Luck and timing in the housing market

I asked a little less than a year ago Are home prices in the United States becoming too expensive?

At the time, the Case Shiller National Home Price Index had just hit a new all-time high for year-over-year price gains of nearly 20%.

This means that monthly mortgage payments for average single-family home prices are at an all-time high:

But if you adjust these monthly payments for inflation, things don’t look that bad:

Adjusting for low interest rates and inflation, mortgage payments were much higher in the 1980s and 1990s.

But it’s the lower mortgage rates that really help with affordability. This is what I said at the time:

The only variable that can throw a wrench into this equation is higher mortgage rates.

In the example above, a $308,000 home with 5% mortgage rates would have a monthly payment of $1,322. A $367K house would be $1,576 a month. These are increases of about $300 per month for 3% mortgage rates.

A price hike is more effective than a price hike on your monthly payments.

If rates rise significantly, home prices are expected to fall, at least in theory.

The worst-case scenario for first-time homebuyers is higher mortgage rates while prices don’t fall. Demand will surely fall if rates rise beyond a certain threshold but I have no idea what that threshold is. There is no guarantee that home prices will fall immediately if prices rise.

Well, mortgage rates have more than doubled from those levels to more than 6%.

Let’s look at these charts just a year later. Average mortgage payments are now off the charts due to the continued increase in home prices and much higher mortgage rates:

Look at this explosion. Not good for anyone looking to buy their first home.

Now let’s see how things look based on the inflation rate:

This is the worst level of unaffordability we’ve seen since the late ’80s and it happened in the blink of an eye.1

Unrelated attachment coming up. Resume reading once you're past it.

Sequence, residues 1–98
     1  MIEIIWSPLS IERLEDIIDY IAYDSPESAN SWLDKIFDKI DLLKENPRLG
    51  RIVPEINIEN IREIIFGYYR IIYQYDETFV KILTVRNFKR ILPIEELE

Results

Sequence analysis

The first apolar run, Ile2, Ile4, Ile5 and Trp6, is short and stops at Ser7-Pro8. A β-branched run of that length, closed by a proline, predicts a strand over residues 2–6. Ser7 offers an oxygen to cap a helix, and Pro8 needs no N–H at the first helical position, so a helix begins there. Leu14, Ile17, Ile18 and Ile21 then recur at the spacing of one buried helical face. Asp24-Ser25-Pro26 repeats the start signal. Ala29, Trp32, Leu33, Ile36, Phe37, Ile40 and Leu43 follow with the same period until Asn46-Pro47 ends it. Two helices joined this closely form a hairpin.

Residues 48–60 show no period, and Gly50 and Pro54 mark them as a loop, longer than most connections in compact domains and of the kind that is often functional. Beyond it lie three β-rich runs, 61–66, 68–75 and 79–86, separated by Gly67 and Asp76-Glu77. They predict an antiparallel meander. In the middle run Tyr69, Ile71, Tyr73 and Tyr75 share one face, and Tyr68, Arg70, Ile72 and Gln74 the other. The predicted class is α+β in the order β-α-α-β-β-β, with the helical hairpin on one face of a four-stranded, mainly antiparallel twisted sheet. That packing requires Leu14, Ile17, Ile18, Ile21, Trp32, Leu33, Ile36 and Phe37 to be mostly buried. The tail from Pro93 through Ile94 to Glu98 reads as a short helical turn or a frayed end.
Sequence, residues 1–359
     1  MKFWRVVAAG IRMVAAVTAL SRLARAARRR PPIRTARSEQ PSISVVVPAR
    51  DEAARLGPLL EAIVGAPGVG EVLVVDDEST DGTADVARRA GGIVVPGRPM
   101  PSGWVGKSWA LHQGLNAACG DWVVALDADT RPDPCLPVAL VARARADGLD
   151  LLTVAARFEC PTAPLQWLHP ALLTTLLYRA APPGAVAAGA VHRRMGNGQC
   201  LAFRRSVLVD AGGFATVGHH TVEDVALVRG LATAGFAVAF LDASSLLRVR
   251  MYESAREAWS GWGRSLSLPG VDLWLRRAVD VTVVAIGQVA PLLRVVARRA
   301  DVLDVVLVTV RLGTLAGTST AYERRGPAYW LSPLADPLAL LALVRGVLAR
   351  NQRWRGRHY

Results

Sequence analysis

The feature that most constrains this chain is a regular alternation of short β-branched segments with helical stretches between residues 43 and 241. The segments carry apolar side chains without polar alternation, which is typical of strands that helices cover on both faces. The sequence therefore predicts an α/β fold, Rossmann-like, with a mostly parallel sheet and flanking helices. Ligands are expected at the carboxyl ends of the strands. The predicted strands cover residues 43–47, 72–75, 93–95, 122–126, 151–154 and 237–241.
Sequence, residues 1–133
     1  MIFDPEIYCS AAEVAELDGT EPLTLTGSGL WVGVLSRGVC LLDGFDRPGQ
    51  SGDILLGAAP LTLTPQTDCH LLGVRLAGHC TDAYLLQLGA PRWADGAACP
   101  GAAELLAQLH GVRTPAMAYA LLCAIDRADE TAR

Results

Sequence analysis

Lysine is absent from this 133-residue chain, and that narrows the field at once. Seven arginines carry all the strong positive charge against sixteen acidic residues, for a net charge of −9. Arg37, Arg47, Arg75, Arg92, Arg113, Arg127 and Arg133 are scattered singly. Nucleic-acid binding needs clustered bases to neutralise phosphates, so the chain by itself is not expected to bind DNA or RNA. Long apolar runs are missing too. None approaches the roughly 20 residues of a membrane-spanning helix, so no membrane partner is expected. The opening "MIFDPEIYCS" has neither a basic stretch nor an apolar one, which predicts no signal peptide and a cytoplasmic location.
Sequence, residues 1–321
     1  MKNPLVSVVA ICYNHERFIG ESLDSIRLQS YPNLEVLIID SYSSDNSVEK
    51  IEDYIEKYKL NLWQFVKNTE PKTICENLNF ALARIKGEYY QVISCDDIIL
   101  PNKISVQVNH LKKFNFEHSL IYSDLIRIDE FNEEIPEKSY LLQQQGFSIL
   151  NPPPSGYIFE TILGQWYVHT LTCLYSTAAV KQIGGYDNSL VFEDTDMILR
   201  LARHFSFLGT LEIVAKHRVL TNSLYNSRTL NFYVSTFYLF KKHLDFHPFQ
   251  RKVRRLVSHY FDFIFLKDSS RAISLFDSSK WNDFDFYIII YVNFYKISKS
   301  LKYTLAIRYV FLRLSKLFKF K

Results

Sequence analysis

The home ownership rate in the United States is about two-thirds:

If you’re one of the lucky people in this group who bought a home before 2022 and was insured at 3% or less, these affordability numbers don’t matter to you (unless you plan to trade in).

You are lucky to have bought or refinanced in recent years.

Let’s say you’re an older millennial and bought a home sometime between 2015-2020.

The value of your home may have increased by 40-60%. Your mortgage rate is around 3%. This means that the Fed’s short-term borrowing rate is now higher of your fixed rate mortgage, which is one of the best inflation hedges you could ask for. Your payment is steady and you’ll get richer from the boom in home prices since 2020.

But what if you’re a young millennial or Generation Z and live in a big city or you’ve missed the window to buy a house?

Your rent is rising at a rapid rate. Buying a home is now much more expensive and also somewhat unaffordable for many young people. Your best bet is to buy a place now with a high mortgage rate and hope the Fed will cut rates after sending us into recession so you can refinance. Choose a thickness.

If you happen to buy at lower prices and at lower prices then you are not a genius. you got lucky.

And if you don’t buy at lower prices and at lower prices, you are not stupid. It was bad luck.

Unfortunately, luck permeates much of your financial experience.

I ran the numbers for a $10,000 annual investment in the S&P 500, adjusted for inflation, and the results are all over the map:

The difference between the best and worst outcomes has nothing to do with an individual’s sincerely saving money and everything related to it when they were born and started saving.

If you had the bull market tailwind of the 50s, 80s, 90s or 2010s at your back, you did well in the stock market.

If you happen to start investing in the 1930s or lived through the 1970s or 2000s, not so much.

Unfortunately, a lot of what happens in your financial life is out of your control.

You have no control over what happens in the stock market, housing market, bond market, or commodity market. You cannot control inflation, interest rates, tax rates, the Federal Reserve, or any kind of financial situation you were born into.

You control the savings rate, asset allocation, diversification and business ethics.

It may not seem fair but sometimes you just have to play the cards that have been dealt.

Michael and I talked about good and bad luck in the housing market in this week’s Animal Spirits video:

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In-depth reading:
How the Fed spoiled the housing market

Now this is what I was reading recently:

1It should be noted that I only have data until July 31, 2022. Mortgage rates have gone up since then and home prices haven’t come down yet, so it just got worse.

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